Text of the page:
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Billion-dollar Didi deal seen as sign Apple's automotive interests go beyond just Maps

Illustration via China Business News.

As rumors of an "Apple Car" continue to grow, the company's $1 billion investment in Chinese ride hailing company Didi Chuxing has further driven speculation that Apple's interest in the automotive market goes far beyond improving its Maps service.

The Didi investment could actually prove to be a key element in Apple's wider automotive strategy, according to Jack Kent, mobile director at IHS Technology. He believes Didi's taxi service could provide a number of strategic opportunities for Apple to expand its focus into more lucrative services.

In a surprise announcement, Apple revealed on Thursday that it used $1 billion from its massive cash hoard to invest in Didi Chuxing. It's the single-largest investment that Didi has received to date.

Apple has been coy about its intentions with Didi, as Chief Executive Tim Cook simply said his company hopes to gain insight on the Chinese market through Didi's expertise. But with Apple widely believed to be working on its own automotive initiative, dubbed "Project Titan," the alignment with Didi has inspired some, including IHS's Kent, to see potential well beyond just a regional investment opportunity.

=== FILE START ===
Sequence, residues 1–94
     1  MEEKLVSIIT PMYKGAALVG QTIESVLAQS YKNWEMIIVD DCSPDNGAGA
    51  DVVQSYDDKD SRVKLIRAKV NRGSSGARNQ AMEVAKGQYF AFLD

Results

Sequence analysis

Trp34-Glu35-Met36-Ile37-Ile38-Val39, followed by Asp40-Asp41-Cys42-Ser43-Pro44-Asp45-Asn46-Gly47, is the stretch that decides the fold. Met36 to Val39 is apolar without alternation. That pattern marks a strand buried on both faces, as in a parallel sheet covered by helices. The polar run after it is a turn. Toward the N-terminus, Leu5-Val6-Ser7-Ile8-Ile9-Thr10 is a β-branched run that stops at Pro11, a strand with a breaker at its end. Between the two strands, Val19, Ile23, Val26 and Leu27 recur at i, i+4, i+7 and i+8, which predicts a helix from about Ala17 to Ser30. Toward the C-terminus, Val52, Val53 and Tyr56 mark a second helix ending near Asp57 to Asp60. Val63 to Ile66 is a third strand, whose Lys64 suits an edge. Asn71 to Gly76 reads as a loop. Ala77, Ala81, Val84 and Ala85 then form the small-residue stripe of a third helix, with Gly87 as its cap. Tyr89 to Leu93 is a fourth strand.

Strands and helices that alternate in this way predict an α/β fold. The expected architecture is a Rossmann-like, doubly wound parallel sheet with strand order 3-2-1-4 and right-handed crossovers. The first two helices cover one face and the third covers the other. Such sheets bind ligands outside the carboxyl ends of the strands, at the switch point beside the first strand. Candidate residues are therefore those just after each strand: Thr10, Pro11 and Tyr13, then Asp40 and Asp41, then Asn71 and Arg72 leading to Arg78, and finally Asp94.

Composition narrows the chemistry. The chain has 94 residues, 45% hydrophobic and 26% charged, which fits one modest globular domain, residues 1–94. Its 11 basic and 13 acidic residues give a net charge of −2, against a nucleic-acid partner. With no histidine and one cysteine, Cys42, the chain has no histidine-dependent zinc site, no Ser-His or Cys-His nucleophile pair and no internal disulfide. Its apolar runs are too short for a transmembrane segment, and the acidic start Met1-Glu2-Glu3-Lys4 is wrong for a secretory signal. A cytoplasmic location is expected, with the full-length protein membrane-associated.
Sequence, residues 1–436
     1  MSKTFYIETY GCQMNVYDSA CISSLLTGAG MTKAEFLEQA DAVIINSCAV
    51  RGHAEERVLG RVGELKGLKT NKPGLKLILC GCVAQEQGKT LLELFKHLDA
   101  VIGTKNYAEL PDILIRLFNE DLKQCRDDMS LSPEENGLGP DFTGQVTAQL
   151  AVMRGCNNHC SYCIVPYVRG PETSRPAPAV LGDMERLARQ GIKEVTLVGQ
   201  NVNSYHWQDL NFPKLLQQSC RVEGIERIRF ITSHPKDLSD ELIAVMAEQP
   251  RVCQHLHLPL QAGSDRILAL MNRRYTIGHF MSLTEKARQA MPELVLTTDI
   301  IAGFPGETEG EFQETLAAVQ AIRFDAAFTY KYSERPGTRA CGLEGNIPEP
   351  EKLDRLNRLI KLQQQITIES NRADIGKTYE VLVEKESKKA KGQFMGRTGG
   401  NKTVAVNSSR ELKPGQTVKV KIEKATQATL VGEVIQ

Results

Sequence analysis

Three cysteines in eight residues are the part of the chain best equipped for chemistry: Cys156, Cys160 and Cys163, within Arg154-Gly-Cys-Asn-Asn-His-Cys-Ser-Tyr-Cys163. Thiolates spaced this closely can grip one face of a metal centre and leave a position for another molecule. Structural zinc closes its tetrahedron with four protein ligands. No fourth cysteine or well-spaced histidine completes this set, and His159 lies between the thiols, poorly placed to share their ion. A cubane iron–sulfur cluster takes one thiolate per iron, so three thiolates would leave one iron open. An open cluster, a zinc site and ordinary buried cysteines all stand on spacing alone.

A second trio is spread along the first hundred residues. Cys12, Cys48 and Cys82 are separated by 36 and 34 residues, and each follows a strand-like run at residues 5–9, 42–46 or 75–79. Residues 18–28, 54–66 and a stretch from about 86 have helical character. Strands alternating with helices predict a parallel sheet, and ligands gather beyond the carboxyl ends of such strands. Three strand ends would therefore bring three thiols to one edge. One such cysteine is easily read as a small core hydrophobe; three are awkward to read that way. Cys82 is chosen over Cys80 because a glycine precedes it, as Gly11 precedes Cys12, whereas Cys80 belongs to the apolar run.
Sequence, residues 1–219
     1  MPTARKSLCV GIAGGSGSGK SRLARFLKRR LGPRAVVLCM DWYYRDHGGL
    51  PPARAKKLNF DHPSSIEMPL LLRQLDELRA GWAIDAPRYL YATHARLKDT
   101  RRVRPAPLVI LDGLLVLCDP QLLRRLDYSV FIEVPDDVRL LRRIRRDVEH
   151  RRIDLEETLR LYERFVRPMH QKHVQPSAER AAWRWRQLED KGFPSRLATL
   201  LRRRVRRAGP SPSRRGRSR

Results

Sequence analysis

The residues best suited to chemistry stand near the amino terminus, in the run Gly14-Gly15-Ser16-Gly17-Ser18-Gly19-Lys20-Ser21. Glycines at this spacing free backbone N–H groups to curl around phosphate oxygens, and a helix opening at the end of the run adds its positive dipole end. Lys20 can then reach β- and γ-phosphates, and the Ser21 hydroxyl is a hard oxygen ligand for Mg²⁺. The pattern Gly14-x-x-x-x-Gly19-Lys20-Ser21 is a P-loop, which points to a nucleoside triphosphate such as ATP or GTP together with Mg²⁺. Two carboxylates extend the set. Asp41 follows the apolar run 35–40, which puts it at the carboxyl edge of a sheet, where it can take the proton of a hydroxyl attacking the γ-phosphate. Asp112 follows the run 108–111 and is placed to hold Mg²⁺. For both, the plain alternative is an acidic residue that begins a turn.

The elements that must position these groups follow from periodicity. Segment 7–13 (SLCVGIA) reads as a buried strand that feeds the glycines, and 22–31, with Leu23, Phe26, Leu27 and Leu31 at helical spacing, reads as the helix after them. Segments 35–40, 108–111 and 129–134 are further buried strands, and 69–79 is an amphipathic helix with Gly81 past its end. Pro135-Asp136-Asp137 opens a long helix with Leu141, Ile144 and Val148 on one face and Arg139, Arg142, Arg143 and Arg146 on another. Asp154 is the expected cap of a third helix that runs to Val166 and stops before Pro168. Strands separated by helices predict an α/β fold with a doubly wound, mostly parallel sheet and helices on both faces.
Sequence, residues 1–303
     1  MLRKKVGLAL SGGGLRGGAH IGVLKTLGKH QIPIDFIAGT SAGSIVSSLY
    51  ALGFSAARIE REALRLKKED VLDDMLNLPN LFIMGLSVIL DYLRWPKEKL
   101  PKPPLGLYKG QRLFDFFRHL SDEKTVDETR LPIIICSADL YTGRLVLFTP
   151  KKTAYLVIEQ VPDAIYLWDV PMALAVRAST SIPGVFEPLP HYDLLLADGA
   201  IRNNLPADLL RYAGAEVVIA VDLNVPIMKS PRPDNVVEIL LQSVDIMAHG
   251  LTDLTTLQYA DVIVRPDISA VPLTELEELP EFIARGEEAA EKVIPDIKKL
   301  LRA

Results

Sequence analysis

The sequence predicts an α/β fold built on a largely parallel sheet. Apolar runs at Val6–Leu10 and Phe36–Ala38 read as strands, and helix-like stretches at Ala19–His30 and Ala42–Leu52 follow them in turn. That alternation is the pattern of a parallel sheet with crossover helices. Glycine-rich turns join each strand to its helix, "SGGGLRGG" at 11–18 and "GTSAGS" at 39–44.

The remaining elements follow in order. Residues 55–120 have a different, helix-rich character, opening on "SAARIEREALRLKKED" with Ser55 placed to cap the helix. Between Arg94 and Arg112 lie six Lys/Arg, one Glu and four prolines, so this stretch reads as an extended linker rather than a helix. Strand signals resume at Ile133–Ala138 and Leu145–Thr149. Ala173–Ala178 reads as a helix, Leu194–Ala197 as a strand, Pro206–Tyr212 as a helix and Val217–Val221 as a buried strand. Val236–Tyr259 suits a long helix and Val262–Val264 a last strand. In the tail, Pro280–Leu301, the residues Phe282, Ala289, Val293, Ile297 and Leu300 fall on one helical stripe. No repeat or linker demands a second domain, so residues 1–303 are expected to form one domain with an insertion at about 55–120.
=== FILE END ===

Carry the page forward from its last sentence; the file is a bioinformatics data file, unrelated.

For example, unlike many traditional mobile applications, taxi apps are able to quickly establish a billing relationship with their audience, since they require immediate payment. The apps can then use this billing information as a platform to deliver a range of other services, such as deliveries and wider mobile commerce services.

These apps can also capture other valuable information about users in the process of ferrying them about.

In a research note published Friday, Kent said that the Didi deal represents a strategic shift in Apple's approach to companies in which it has an interest.

Traditionally, Apple usually acquires such companies outright and integrates them into its existing product strategy, or into new products. For example, Apple acquired Beats for $3 billion prior to launching its Apple Music streaming service. That stands in contrast to competitors such as Google, who have actively invested in other ventures rather than acquiring them outright.

Apple's decision in this case to invest on such an enormous scale highlights the strategic importance of the Chinese market to Apple. Not only is the market of over 1 billion people enormous, but it has recently proven problematic for Apple as the Chinese government abruptly shuttered two of its services last month —  iTunes Movies and iBooks. Kent believes the spat with the Chinese government shows that Apple has a distinct need for local knowledge and local partnerships, such as the one with Didi, to further its position in China.

Apple's investment also comes against the backdrop of Apple's recent quarterly results that showed its iPhone business to be slowing. Sales were down 26 percent in China last quarter, though Cook has said he remains optimistic on the market.